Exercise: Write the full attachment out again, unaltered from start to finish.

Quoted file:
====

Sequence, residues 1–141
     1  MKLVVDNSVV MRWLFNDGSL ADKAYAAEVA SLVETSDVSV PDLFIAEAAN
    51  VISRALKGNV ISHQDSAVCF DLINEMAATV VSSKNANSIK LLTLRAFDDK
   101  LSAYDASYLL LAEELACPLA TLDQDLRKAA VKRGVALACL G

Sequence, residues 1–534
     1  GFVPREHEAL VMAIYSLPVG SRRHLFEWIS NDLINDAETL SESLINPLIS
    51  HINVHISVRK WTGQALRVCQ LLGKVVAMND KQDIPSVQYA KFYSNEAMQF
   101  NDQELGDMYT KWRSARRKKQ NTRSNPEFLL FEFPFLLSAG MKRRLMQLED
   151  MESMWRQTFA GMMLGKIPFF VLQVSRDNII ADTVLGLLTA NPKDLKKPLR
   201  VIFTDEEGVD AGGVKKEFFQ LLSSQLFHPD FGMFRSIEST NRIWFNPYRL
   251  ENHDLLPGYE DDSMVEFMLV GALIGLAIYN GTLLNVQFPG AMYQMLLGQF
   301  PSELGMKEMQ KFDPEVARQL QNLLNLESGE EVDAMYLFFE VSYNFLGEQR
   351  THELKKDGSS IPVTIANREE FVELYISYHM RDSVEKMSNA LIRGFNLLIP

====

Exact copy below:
Sequence, residues 1–141
     1  MKLVVDNSVV MRWLFNDGSL ADKAYAAEVA SLVETSDVSV PDLFIAEAAN
    51  VISRALKGNV ISHQDSAVCF DLINEMAATV VSSKNANSIK LLTLRAFDDK
   101  LSAYDASYLL LAEELACPLA TLDQDLRKAA VKRGVALACL G

Sequence, residues 1–534
     1  GFVPREHEAL VMAIYSLPVG SRRHLFEWIS NDLINDAETL SESLINPLIS
    51  HINVHISVRK WTGQALRVCQ LLGKVVAMND KQDIPSVQYA KFYSNEAMQF
   101  NDQELGDMYT KWRSARRKKQ NTRSNPEFLL FEFPFLLSAG MKRRLMQLED
   151  MESMWRQTFA GMMLGKIPFF VLQVSRDNII ADTVLGLLTA NPKDLKKPLR
   201  VIFTDEEGVD AGGVKKEFFQ LLSSQLFHPD FGMFRSIEST NRIWFNPYRL
   251  ENHDLLPGYE DDSMVEFMLV GALIGLAIYN GTLLNVQFPG AMYQMLLGQF
   301  PSELGMKEMQ KFDPEVARQL QNLLNLESGE EVDAMYLFFE VSYNFLGEQR
   351  THELKKDGSS IPVTIANREE FVELYISYHM RDSVEKMSNA LIRGFNLLIP